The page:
At worst, Benn Michaels is a more sophisticated Pat Buchanan. At best he is the tepid liberal par excellence. He thinks that the only problem is income inequality (which, we must recall, is part of the superstructure, not the economic base itself which includes production relations). Benn Michaels complains that neoliberal "anti-racist" ideologies are insensitive to income inequality, and (stronger) that they enable and exacerbate income inequality. This is the worst blame-the-victim logic imaginable. Is it the fault of, say, the feminist movement and the black liberation movement that Reagan and Thatcher came riding in to destroy the gains of the 1960s? Is it the fault of MLK, who came out against the Vietnam War and against capitalism in the late 60s, that the neoliberal cabal of the late 70s took hold across the globe? This sounds to me like facile scapegoating.

Anti-racist struggles, whenever they reach a peak of militancy and radicalism, are anti-capitalist struggles. The Black Panthers were staunchly anti-capitalist, and saw the struggle for Black Liberation as a struggle to overthrow capitalism. They saw their struggle as coextensive with class struggle, because they took racism to be inscribed into the basic institutions that constitute society. And if society is capitalist, then capitalist institutions will have to be smashed. Real anti-racist struggles in history have taken this lead (see malcolm x's political evolution, or see the Panthers, or see anti-colonial struggles in Africa in the late 1960s (e.g. tanzania and Nyrere)). The apologetics pedaled by the likes of Jesse Jackson are not robust anti-racist politics. Now, there are always high and low points of struggle in any movement: this is no less true of the labor movement than the GLBT liberation movement or the women's movement. The labor movement is very, very far from revolutionary in the US at the moment. But does that mean that trade unions are to be condemned, broken up and attacked as "tools of the system"? Should we expunge unions from left wing political movements? That seems to me to be a batshit crazy idea, and one that doesn't adequately grasp the concrete material conditions of the present.

T said...

You cannot have an egalitarian, anti-racist liberation struggle from below unless you oppose capitalism. Moreover- any viable working-class movement to challenge capitalism as such will need to be multi-racial. That is to say, destroying racism is a precondition to building a revolutionary movement to destroy capitalism. As long as the ruling class can divide and conquer the oppressed by stoking racism, anti-immigrant xenophobia, or sexual oppression... then there will be no hope of building a mass movement for a just society.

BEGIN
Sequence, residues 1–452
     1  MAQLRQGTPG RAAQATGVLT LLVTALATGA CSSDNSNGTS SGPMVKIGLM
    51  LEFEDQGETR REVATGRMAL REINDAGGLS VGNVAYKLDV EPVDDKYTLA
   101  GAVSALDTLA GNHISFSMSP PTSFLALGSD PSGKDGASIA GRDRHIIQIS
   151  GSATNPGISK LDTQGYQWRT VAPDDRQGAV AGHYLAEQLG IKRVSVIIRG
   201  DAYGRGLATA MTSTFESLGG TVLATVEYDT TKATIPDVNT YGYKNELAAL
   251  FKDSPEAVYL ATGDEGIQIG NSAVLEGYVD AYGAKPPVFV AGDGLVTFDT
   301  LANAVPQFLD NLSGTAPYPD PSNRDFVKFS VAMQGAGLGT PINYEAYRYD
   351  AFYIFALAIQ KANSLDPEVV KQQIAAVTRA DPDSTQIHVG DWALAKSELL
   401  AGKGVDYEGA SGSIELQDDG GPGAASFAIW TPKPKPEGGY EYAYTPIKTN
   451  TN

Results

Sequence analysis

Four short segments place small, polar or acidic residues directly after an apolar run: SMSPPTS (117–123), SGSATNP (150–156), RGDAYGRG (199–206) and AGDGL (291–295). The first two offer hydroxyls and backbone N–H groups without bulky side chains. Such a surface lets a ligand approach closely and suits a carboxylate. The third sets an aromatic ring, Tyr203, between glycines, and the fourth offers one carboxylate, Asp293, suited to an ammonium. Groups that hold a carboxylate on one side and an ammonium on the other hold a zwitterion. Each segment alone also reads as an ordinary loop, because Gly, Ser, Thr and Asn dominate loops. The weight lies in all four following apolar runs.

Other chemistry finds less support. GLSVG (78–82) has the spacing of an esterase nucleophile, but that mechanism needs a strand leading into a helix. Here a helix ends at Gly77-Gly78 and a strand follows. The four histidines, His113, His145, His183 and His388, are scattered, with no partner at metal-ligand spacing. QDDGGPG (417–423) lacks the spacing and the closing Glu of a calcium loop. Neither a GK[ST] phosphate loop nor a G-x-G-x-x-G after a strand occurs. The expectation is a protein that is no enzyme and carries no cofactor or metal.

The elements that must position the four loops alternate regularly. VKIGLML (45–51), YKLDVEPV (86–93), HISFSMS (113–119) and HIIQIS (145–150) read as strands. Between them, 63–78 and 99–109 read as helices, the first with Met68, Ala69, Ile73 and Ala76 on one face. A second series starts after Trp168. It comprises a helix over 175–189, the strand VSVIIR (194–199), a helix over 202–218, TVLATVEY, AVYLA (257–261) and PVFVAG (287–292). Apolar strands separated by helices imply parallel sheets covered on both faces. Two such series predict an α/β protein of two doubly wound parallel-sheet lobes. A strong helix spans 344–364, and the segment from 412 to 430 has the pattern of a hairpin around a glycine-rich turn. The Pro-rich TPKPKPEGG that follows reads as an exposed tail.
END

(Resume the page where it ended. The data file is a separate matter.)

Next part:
Benn Michaels, as far as I can tell, doesn't understand what racism is. He talks about racism as though it were just a subjective "prejudice" against some other person. He has no analysis of how class and race are intertwined, how racism is both ideational (i.e. an ideology) and institutional (i.e. concretely inscribed within the structure of capitalism). He sounds, to me, like an angry white man who's bought into the divide-and-conquer logic of the ruling class. He sounds (to my ear) like someone who doesn't grasp what the real problems with capitalism are, and he sounds like someone who doesn't know what it would take to build a movement capable of transforming society. Benn Michaels basically, in the NLR piece and also in his article in the London Review of Books, just wants to return to the Keynesian reformism of the Postwar era. He seems to think that all we need is more LBJ and FDR (or maybe he buys the racist argument that LBJ was bad because he passed the Voting Rights Act which was really just a "boon to big business" or some such nonsense).

Sure, a certain marketized, individualistic "anti-racism" will certainly be helpful to the maintenance of capitalism now that anti-racist ideas have gained ground after periods of struggle. But this marketized "anti-racism" fails on two grounds. First of all it cannot deliver on its promise to liberate, say, the masses of black people in the United States, because capitalism is implicated in their continued subordination. Second, this individualist, basically conservative "anti racism" thwarts the possibility of building mass movements of any kind, which are necessarily egalitarian (that is, any social movement built around solidarity and collective self-emancipation is egalitarian). And of course, a mass movement is the only way to overthrow capitalism it seems to me. Capitalism won't simply implode on its own, nor will a just society mechanistically arise from its ashes unless the groundwork is laid for a society without exploitation and oppression.